Let me first thank John DeBello and Joe Henderson for generously contributing their guest articles over the past three days. If you missed them, I encourage you to scroll down to read their reminiscences of the 1984 Sarajevo games and the 2005 Athens games.
We may have a couple more Olympic articles, though they likely will appear after the games have ended. One of our correspondents on tap to provide the Canadian perspective is at present in mourning, along with the rest of his country, after the U.S.-Canada hockey game. Get over it, lads. Look for some other guest writer specials from time to time.
What I disliked about this week’s guest author exercise was asking accomplished writers to do the significant labor of building a couple of thousand of words into an entertaining piece that would only live for a day or so in a small corner of the Wide-Whirled Web. Henderson’s used to it, of course; he’s been filing stories from far-flung press boxes to beat an 11 p.m. deadline since before the fax machine was invented. His work ended up printed on sheets of paper that, after they were read, went out in the next day’s recycling. The next day, he wrote more, and has repeated that daily exercise for 30 years. At least in the Trib, his articles appear in a quarter of a million copies of the newspaper, and now online, too. THAT’s a significant readership.
DeBello is also familiar with the evanescence of the writing game. While you can rent or buy copies of the feature films he’s written and directed, a lot of his work has appeared in front of very specialized, very small audiences, sometimes only to be shown once, and then relegated to an archive. For example, I went looking online for the production he mentioned in his article, done for the Los Angeles Olympics of ’84; couldn’t find it. It had its day, ran its course, and now it’s shelved somewhere.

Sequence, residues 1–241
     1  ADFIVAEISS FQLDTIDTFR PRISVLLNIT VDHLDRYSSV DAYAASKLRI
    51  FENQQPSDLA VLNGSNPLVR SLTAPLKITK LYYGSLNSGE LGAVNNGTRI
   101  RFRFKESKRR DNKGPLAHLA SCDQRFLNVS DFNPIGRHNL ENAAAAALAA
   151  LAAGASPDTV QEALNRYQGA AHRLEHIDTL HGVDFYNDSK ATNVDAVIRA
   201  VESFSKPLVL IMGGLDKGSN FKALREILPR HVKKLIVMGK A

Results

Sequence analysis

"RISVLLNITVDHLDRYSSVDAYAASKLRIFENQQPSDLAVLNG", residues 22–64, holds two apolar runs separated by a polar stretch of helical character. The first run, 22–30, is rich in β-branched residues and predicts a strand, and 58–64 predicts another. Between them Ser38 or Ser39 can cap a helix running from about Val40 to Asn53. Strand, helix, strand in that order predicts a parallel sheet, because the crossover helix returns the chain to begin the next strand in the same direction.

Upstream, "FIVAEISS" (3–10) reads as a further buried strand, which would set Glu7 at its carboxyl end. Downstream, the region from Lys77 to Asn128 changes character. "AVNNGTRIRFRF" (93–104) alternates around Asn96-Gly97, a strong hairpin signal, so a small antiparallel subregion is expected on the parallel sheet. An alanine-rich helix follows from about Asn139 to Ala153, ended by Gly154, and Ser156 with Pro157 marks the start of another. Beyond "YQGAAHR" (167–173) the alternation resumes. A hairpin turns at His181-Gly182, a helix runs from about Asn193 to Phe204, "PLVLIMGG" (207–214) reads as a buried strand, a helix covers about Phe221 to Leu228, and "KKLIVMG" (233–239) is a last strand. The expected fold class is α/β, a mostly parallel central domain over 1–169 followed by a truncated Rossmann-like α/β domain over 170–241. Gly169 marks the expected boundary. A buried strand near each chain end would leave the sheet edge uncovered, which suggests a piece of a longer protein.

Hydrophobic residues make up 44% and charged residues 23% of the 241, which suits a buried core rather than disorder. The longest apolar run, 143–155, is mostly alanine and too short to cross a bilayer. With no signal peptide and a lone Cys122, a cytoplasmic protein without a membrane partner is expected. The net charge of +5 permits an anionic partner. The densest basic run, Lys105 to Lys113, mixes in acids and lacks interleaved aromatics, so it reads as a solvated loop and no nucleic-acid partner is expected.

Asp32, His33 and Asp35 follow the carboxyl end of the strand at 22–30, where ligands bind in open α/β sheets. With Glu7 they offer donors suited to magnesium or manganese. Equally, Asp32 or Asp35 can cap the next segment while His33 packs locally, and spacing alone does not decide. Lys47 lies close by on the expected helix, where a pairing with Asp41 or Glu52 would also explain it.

Most of us are at ease with this idea that very little of what we do or say will live very long, and that a generation or so after we’re gone ourselves, there won’t be much for anyone to point to saying, “He did this.” That’s why I retained the top header photo of the stadium at Olympia. Nothing, we like to say, is more fleeting than the fame of athletes. Certainly none of us can name any of the heroes who strode that ground in triumph 2,000 years ago.
But we like to preserve the high points. In the days of print, we would clip articles out of the newspaper that mentioned our friends or family; now we might print out a Web page. As long as there’s been photography, we have made albums or framed their photographs. With the advent of digital cameras we capture every living moment to obsession. (I marvel at the sight of sports heroes riding in the championship parade through the streets of a city, making videos of themselves and the cheering crowds. Aren’t those peoples’ lives well-documented enough?) YouTube, Facebook, Flickr and the myriad of other online social sites let us create vast digital monuments to ourselves, all in response to this innate urge to say, “I am here. I did this.”